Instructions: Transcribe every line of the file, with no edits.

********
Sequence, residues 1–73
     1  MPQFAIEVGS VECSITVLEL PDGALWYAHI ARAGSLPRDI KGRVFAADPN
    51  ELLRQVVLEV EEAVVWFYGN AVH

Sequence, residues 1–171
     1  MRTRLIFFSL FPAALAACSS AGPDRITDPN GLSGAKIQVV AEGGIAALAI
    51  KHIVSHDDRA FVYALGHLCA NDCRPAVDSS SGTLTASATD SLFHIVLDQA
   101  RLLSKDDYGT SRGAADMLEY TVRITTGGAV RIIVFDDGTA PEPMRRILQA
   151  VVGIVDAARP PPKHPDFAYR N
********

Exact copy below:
Sequence, residues 1–73
     1  MPQFAIEVGS VECSITVLEL PDGALWYAHI ARAGSLPRDI KGRVFAADPN
    51  ELLRQVVLEV EEAVVWFYGN AVH

Sequence, residues 1–171
     1  MRTRLIFFSL FPAALAACSS AGPDRITDPN GLSGAKIQVV AEGGIAALAI
    51  KHIVSHDDRA FVYALGHLCA NDCRPAVDSS SGTLTASATD SLFHIVLDQA
   101  RLLSKDDYGT SRGAADMLEY TVRITTGGAV RIIVFDDGTA PEPMRRILQA
   151  VVGIVDAARP PPKHPDFAYR N